I just missed sunrise the next morning and got out as soon as possible to grab some photos with the good morning light, including a visit to the Mormon Row barns, said to be the most photographed barns in the world. Grand Teton is known to be a landscape photographer’s playground – absolutely no shortage of diverse scenery and wildlife – and while my background isn’t in photographing landscapes, anyone with a camera would get giddy with these surroundings as your subject! We took the rest of the morning easy, and in the afternoon headed north in the park to explore the Colter Bay area and dip our feet in the lake, rounding out the evening with a visit to Dornans.
Again, I awoke early the next morning , determined to catch the famous sunrise rays hitting the Tetons, and while it was a cloudy morning, the sun peeked out for about 30 seconds to cast some beautiful pink hues on the mountaintops!
When I got back to the trailer, Trae was up and ready to go too, so we headed out to hike the String Lake Loop. This easy 3.8 mile trail affords some outstanding views of the 12,605-foot Mt. Moran, as well as the “Cathedral Group” – 12,325-foot Teewinot Mountain, 13,770-foot Grand Teton and 12,928-foot Mt. Owen. At the very end of the trail, as we walked back towards the truck, a doe popped out of nowhere and seemed to be completely unfazed by our presence (a beautiful encounter, but typically not the best sign of the deer’s nourishment).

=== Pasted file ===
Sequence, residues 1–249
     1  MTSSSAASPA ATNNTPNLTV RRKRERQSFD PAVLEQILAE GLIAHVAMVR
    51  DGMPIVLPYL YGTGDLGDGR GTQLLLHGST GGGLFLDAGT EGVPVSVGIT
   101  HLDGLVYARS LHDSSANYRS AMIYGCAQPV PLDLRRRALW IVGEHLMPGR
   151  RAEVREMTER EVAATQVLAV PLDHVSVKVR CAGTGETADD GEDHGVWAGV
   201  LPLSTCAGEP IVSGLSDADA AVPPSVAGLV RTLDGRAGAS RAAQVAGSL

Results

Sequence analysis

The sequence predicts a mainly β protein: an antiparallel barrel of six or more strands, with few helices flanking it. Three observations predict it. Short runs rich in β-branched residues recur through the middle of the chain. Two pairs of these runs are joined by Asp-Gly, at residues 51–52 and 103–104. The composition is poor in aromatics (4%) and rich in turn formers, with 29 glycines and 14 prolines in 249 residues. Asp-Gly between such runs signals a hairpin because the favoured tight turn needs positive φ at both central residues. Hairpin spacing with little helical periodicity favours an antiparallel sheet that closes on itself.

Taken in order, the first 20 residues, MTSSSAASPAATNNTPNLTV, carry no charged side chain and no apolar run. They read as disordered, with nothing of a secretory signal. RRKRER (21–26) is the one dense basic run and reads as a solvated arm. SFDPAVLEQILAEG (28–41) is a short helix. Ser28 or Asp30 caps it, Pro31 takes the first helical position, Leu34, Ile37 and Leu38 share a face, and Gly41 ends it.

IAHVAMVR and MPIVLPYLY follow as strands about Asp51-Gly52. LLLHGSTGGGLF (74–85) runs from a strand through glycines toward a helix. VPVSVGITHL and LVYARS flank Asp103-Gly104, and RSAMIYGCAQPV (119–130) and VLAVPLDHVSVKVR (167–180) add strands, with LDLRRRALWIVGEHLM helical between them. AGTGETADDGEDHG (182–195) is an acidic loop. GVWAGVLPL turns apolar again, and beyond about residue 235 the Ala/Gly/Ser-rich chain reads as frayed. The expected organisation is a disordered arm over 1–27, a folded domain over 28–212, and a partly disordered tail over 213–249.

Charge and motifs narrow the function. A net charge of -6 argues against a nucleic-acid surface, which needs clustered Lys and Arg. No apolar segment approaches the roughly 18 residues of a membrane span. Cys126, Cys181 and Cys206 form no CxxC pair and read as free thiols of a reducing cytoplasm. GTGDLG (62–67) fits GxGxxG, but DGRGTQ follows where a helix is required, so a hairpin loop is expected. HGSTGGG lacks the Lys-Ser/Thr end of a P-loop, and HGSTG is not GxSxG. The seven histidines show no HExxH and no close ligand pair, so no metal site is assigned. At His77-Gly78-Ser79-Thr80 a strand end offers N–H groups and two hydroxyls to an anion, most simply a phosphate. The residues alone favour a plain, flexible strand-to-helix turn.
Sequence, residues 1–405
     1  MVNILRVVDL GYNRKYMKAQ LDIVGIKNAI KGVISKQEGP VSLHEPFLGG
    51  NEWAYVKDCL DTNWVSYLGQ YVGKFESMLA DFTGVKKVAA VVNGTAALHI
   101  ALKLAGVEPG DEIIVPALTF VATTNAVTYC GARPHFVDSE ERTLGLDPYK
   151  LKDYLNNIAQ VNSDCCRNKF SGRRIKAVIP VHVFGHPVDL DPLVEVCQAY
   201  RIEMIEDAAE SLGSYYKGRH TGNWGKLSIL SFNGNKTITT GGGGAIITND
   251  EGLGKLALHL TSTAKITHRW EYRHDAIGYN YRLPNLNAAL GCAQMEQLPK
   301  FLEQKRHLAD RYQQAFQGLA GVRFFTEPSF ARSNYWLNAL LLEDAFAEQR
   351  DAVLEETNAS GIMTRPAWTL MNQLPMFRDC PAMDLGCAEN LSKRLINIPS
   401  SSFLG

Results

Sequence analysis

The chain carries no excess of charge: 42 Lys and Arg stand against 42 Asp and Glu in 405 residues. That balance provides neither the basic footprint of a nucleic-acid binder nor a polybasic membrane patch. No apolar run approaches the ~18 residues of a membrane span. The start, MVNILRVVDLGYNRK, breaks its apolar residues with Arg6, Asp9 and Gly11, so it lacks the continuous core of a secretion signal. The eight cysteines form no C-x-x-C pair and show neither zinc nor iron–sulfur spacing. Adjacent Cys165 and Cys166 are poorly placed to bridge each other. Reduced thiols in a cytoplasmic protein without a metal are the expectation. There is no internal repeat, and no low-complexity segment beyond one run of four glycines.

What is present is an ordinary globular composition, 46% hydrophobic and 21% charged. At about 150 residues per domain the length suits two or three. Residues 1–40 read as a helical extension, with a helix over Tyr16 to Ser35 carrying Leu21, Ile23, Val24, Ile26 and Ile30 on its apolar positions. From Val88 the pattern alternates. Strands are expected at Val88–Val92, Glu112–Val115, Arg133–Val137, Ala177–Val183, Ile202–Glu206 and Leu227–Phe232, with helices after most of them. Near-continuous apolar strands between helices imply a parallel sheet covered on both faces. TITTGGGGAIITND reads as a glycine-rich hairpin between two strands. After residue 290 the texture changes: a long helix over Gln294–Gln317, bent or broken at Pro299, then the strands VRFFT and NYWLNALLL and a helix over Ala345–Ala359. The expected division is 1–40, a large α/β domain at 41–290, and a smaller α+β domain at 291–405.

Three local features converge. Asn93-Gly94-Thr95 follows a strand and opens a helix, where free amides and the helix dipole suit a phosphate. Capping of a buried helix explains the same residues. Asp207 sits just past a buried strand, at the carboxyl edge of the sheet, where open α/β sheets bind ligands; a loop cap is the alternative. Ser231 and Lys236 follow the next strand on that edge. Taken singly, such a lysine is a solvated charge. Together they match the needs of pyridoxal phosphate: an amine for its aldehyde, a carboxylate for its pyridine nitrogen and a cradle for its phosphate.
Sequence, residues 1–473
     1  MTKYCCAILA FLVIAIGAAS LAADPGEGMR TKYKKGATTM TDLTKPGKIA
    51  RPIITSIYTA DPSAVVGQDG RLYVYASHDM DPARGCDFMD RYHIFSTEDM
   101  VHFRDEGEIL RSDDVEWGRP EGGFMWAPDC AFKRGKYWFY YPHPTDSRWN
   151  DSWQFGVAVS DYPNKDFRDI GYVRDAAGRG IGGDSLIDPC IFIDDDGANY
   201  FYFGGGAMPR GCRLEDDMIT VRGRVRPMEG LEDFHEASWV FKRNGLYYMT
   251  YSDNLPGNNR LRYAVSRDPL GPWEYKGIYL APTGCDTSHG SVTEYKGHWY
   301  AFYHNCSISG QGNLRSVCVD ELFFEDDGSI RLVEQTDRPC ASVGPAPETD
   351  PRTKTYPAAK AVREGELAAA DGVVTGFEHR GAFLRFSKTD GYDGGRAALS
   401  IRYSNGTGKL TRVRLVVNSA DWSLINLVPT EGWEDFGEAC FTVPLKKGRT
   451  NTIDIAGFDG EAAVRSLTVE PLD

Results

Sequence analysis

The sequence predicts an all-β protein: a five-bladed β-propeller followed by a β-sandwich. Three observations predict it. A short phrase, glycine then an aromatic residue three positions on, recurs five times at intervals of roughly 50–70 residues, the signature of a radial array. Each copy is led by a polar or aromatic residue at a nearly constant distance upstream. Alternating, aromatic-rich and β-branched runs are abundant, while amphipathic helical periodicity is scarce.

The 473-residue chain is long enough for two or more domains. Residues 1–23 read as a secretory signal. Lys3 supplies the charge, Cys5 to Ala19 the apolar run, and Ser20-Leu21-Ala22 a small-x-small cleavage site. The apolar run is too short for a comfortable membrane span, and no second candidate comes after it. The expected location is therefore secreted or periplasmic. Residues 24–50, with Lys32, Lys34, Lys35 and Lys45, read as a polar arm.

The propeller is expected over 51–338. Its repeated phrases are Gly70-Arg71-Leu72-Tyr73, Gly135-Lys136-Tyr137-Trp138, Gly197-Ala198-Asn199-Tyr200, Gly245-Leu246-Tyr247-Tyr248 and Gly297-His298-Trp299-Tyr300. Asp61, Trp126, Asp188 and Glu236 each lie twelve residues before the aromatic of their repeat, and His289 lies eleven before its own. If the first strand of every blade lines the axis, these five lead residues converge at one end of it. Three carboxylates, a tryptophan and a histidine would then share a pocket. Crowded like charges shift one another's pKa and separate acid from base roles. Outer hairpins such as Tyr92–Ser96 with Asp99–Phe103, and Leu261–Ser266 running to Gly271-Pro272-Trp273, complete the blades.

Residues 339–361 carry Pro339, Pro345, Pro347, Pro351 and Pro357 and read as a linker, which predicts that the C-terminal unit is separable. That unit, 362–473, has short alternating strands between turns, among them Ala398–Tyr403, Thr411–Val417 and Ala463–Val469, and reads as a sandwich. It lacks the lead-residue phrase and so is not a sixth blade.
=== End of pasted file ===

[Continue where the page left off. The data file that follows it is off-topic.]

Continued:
We spent our last night and evening in Grand Teton NP with a needed nap, followed by our last visit to Dornans for good drink, food, and wifi. We absolutely fell in love with this national park – the views were unbeatable, and Grand Teton is now on the “must visit again” list!
Trae and Jamie